And then they cry out to Jesus. “Master, have mercy on us.” They don’t ask for healing. They don’t ask for food. They just ask for mercy. And to ask for mercy is to ask for a chance to start over. Jesus, can we just start over?[2]

And then it says, Jesus saw them. Do you hear that? He saw them. In his first sermon, Jesus says, “I’ve come to bring release to the captives and sight to the blind.” Jesus has come to give us sight. But first he must model that seeing.

And what does he see? Not their sickness, not their condition, but their humanity. Their brokenness. Their made-in-the-image-of-God-ness, which is to say their goodness.

And after seeing them, Jesus says, “Go and show yourselves to the priest.”

Go and show yourself to the priest. Get them, the ones who condemn you to a life of isolation and shame, get them to see in you what I see in you.

Which to them must’ve seemed utterly ridiculous.

I mean, nothing’s happened yet. They haven’t been healed. The sores on their arms haven’t dried up and gone away. Why would they go to the priest? So that he can say to them, “Yep, still a leper. Now get out.”

But here’s the thing: they go. That’s one of the miracles of this story – that these lepers would go to the priest to show their cleanness with no evidence whatsoever that they actually will be clean, healed, when they get there. They simply trust that what Jesus sees in them is true. And is of value. Trusting that Jesus sees more in them than what they can see in themselves.

So, on their way, the lepers are made clean. They are healed.

And now this is the part that stopped me in my tracks this week. One of them – and we know which one, the Samaritan – notices that he’s been healed. And he turns back and draws close to Jesus, close enough to be at his feet to say thank you, and Jesus says, “Where are the other nine?”

And there’s heartache in that question. Because it means the Samaritan came back alone.


Remember what the law said about lepers? That they shall live alone? Now this one, who had a community when he was a leper, now when he’s healed of his leprosy is alone.

Now, I know this is supposed to be a sermon about thankfulness. About how we’re never really healed or whole until we can be thankful for our life. And how it’s good to say thank you to God.

But I just couldn’t get over the punch-in-the-gut punchline of this story – that he was a Samaritan and he’s alone.

Now, hear me out. Remember they were a group of 10. And clearly the lepers didn’t care that one of them was a Samaritan. They were a group. A family. A unit. But could it be, that when they all were healed, suddenly the Samaritan’s Samaritan-ness mattered again?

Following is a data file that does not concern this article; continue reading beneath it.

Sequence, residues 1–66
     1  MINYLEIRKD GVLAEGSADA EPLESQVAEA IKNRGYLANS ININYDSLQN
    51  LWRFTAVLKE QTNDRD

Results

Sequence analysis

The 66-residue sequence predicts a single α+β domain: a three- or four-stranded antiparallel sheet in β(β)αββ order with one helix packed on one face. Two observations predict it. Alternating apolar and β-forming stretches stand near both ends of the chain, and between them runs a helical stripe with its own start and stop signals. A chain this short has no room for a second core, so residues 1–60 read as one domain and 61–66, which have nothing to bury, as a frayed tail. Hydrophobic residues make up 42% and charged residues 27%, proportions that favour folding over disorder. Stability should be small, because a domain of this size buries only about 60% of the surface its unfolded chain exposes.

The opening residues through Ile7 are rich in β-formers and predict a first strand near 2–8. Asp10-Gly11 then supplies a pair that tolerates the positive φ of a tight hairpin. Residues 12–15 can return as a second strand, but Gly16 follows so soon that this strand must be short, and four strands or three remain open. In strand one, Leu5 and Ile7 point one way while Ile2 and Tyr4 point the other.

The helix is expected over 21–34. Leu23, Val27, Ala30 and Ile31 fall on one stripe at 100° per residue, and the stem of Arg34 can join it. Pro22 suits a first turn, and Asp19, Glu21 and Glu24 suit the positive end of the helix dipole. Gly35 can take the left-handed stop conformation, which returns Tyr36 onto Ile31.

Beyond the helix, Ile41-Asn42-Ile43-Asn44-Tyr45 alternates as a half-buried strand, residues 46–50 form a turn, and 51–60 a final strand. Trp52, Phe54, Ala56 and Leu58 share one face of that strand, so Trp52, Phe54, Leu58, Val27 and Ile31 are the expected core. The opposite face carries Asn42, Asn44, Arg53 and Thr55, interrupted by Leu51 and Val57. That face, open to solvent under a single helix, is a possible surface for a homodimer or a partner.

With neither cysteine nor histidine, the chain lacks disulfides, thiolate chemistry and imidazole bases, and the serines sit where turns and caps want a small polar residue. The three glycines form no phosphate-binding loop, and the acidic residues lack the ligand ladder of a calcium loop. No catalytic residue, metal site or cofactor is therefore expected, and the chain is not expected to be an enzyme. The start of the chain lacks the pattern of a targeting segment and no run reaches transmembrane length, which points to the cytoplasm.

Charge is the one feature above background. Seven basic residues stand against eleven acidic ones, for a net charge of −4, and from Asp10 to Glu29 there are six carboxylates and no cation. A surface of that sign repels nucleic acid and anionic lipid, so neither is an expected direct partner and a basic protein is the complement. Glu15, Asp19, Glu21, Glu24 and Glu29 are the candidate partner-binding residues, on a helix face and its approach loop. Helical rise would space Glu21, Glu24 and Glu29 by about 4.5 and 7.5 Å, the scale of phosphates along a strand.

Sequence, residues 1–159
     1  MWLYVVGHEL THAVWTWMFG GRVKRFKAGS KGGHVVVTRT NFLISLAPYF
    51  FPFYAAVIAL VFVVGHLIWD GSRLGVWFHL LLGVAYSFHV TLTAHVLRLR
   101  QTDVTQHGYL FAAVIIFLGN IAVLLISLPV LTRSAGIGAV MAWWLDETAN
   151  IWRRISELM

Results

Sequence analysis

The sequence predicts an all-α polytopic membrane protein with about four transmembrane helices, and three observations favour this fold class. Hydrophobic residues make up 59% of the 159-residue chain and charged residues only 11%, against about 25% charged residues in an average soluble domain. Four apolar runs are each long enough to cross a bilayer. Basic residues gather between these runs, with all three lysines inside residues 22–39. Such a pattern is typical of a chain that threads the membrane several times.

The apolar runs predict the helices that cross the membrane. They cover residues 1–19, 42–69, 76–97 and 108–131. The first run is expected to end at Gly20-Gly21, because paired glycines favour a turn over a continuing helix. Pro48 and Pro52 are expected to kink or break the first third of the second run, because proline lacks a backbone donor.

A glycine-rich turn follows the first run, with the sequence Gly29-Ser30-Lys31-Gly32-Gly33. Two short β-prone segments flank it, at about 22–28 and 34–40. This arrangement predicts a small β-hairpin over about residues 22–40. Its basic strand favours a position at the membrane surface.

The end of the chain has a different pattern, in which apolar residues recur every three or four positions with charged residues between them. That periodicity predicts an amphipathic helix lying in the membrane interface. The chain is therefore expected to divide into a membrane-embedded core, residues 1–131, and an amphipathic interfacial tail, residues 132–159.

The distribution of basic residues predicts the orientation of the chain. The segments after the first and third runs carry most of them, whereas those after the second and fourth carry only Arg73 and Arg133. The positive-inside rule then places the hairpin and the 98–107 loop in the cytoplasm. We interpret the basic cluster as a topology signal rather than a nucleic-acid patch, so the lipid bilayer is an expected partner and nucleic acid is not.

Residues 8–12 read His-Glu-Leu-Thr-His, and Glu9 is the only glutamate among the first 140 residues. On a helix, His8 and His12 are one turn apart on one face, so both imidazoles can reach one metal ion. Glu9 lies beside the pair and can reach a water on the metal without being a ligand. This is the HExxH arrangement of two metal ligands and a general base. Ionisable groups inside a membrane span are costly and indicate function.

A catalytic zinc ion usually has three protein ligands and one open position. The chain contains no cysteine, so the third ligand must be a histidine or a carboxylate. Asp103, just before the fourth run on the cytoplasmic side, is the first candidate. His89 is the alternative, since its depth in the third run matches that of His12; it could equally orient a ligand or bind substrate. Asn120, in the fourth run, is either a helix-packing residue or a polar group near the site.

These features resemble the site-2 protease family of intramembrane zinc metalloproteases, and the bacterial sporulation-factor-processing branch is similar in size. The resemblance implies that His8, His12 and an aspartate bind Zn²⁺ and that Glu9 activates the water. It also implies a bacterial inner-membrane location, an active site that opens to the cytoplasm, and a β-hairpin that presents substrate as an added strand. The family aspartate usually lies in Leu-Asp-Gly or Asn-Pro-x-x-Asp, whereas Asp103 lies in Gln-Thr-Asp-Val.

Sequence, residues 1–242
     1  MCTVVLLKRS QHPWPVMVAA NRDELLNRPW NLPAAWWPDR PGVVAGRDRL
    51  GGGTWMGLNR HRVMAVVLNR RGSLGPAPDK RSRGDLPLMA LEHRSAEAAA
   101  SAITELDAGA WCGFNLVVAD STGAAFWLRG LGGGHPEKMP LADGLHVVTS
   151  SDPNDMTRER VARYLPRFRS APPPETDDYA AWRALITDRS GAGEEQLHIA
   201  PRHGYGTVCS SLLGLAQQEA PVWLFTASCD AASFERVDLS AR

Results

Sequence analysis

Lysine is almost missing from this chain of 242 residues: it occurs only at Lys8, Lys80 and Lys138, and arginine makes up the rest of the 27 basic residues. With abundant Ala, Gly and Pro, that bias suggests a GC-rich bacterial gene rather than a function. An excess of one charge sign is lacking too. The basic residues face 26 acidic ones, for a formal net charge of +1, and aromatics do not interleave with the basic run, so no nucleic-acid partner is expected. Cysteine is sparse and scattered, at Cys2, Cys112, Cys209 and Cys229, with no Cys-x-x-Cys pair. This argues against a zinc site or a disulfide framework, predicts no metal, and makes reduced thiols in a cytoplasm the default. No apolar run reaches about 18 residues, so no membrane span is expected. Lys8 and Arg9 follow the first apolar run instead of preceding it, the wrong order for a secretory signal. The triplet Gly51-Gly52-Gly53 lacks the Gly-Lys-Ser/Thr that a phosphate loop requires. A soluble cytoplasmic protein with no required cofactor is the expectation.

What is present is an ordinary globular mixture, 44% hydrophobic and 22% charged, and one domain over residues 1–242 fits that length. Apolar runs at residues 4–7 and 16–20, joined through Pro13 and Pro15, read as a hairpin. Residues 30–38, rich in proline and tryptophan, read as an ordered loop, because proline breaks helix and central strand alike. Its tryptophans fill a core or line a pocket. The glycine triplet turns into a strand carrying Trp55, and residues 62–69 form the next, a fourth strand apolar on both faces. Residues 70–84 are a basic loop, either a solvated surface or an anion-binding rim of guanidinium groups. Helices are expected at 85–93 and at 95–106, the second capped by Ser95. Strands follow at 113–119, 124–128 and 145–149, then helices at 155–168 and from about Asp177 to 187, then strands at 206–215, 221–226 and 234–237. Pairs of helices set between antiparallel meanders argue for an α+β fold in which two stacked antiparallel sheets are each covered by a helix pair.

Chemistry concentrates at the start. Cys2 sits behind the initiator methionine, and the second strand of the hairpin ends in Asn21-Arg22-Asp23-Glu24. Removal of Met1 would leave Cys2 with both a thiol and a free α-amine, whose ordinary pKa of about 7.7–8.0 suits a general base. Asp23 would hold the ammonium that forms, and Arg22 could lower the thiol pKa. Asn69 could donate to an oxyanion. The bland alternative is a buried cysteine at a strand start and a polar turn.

Because suddenly this family of 10 is now a group of 9 and 1. What was a community is now fractured.

And so, I’m not convinced that this is a healing story. Or at least that the healing in this story is complete.

Because I think what Jesus is intentional. Jesus is trying to give sight to the blind to something that is very important – that there is a deeper sickness, a deeper disease that still needs healing. And it is a disease worse than leprosy.

It is the disease of separateness and exclusion. The belief that some are good and some are bad. That some should be in and some should out.

And Jesus even highlights this when he says what sound like harsh words – Were not ten made clean? But the other nine, where are they? 18 Was none of them found to return and give praise to God except this foreigner?

 And we cringe at those words – this foreigner – but Jesus says them with a little wink to the Samaritan. Because Jesus is a foreigner too. He’s got those great Old Testament foreigners’ blood in his lineage and in his veins – from Ruth, the Moabite and Rahab, the Canaanite.

And Jesus is saying here, “You can follow me, but can you accept him? Because we’re both foreigners.” That’s the real disease at work here, the disease that we can lived separate and isolated from each other. The disease that we can say hurtful things about other people as if they don’t actually hurt us in the end.

And that is what we need to be healed from. This idea that we are not one human race, this idea that we are not all family. When God says – you are.

The Samaritan gets it. The Samaritan is healed and whole. Why? Because in the end he walked straight up to Jesus. He, a Samaritan, walked right up to Jesus, a Jew. Close enough to kiss his feet. As if there was no religious or cultural boundary dividing them anymore. Because there wasn’t. There is no longer Jew nor Samaritan. No longer clean or unclean. For we are one in Christ.

The Samaritan gets it. It the other 9 who don’t. They aren’t fully healed yet of their disease. And neither are we.

So, whose your Samaritan? Whose the unclean one to you? Whose the foreign one in your eyes? Is it a co-worker? Or your family member? Or your neighbor and their political signs out front? Who is it for you? And can you approach them with new prescription lenses from Jesus?

So that you may see them as Jesus does. As made in the image of God. As clean. As whole.

May our faith in Jesus make us well. Amen.

[1] I’m grateful to Alan Storey for this insightful approach to the text.

[2] Ibid.